By Darren Smith, Weekend Contributor.
Another Law Enforcement Officer suffered a senseless death at the hands of a career criminal. This time, as is usually the case, a caring, officer who established himself within his community and by simply doing his job, died far too early.
Sergeant Steve Owen, who worked for the Los Angeles County Sheriff for twenty-nine years, was ambushed and assassinated after responding to a burglary complaint.
His fellow community members shared much grief over the loss of a well liked deputy who served many and fostered remarkable attention to those in need–above expectations and for the benefit of many.
Steve Owen was survived by his wife, two adult sons, a stepdaughter and his mother.
The tragic events unfolded after a 911 caller reported a possible residential burglary within an apartment complex. As Owen covered the rear of the building, the suspect, Trenton Trevon Lovell, reportedly attacked and shot Sergeant Owen in the face, mortally wounding him. Another officer heard the gunfire and ran from the front of the building, finding a wounded Owen.
The shooter then ran to the parking lot, entered Owen’s patrol car, and attempted to flee. Owen’s partner returned to the front and opened fire on the suspect who in-turn rammed another car injuring the deputy.
The suspect exited the patrol car and ran to a home where he held two teenagers. One of the teens summoned police via text messaging. A SWAT team later forced entry to the residence but before securing the murderer he ran, jumping a fence and eluding officers.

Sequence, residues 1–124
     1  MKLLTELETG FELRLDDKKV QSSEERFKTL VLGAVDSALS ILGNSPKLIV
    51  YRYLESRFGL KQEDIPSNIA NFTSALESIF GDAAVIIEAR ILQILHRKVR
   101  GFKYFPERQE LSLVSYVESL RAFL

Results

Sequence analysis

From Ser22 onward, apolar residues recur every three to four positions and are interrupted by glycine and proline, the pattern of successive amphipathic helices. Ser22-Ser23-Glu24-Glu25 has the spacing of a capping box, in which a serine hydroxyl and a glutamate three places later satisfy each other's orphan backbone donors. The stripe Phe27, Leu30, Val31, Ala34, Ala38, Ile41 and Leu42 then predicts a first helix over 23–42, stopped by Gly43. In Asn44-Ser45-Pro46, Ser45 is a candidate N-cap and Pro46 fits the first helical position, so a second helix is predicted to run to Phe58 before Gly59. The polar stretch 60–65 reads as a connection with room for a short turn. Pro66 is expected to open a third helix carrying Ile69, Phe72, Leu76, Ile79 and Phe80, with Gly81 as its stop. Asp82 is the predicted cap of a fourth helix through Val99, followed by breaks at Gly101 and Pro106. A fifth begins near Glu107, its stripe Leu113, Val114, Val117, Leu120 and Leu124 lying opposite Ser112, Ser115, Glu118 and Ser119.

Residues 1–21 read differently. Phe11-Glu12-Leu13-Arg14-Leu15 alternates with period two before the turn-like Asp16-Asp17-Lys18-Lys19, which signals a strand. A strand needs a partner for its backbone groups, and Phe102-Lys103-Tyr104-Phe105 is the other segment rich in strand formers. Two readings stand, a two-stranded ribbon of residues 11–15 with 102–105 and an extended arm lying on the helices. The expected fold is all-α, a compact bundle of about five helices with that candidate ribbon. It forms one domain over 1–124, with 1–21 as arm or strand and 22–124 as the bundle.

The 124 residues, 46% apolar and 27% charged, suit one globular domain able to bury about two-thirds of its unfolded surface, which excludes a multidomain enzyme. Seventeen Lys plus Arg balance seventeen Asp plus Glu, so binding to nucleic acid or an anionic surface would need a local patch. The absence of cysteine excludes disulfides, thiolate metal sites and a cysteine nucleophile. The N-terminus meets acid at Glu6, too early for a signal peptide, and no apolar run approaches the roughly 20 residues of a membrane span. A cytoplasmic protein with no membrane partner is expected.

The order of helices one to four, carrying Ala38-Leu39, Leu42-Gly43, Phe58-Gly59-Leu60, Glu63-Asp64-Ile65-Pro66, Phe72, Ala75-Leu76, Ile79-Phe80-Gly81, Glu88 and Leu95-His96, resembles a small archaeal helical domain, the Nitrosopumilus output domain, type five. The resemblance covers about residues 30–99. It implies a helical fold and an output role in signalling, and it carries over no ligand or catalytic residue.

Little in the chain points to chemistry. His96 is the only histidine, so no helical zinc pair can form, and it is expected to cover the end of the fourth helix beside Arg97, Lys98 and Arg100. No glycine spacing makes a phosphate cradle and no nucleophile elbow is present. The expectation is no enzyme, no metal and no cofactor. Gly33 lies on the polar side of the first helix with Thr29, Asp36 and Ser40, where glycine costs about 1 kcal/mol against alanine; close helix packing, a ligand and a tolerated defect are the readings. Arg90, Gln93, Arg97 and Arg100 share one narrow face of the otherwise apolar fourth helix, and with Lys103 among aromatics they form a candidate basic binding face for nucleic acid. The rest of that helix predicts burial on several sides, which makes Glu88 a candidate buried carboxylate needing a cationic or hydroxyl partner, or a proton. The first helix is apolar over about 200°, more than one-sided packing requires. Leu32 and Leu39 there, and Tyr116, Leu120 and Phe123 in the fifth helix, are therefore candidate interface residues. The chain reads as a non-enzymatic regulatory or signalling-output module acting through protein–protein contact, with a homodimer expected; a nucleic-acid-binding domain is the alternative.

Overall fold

Over one hundred law enforcement officers participated in a manhunt to locate Lovell. Their luck turned when resident of Lancaster saw Lovell enter her back yard. Already aware of the earlier shooting, she saw the suspect run toward the open back door but she quickly locked the back door before he could enter. Police within seconds closed in and arrested Lovell.
Having endured several gunshots to the upper torso, Lovell was admitted to hospital where he eventually recovered.
Sergeant Owen was earlier rushed to Antelope Valley Hospital. His wife, who serves with the LASO in the department’s Arson & Explosives Unit, had along with four other family members arrived just before Owen died. He was fifty-three.
Sergeant Ownes received several accolades for heroism, including the department’s Medal of Valor for rescuing a hostage in a car held by a kidnapper wearing body armor.
The suspect held the hostage at gunpoint and a clear shot was impossible due to the proximity of the hostage. Sergeant Owen directed another officer to Tase the hostage taker through an open window, providing a necessary distraction to allow the hostage to flee. A second Taser firing penetrated the vest and incapacitated the suspect.
The community praised Owen for his service.
Journalist Eric Leonard spoke during a radio segment of a case that endeared Sergeant Owen to the community years ago when a prostitute had been beaten, maimed, and left for dead in the desert. When Own arrived, she was able to tell him her thirteen year old daughter had been taken by a pimp, the same person who assaulted her. Owen said that as a parent, he refused to go home until the child was located. Later, he found the girl abandoned in a shed in the desert, without food or water and left to die.
Senseless deaths are unfortunately to be expected in this line of work, this time as unfortunately many times, one of Los Angeles County’s deputies became a victim.
By Darren Smith
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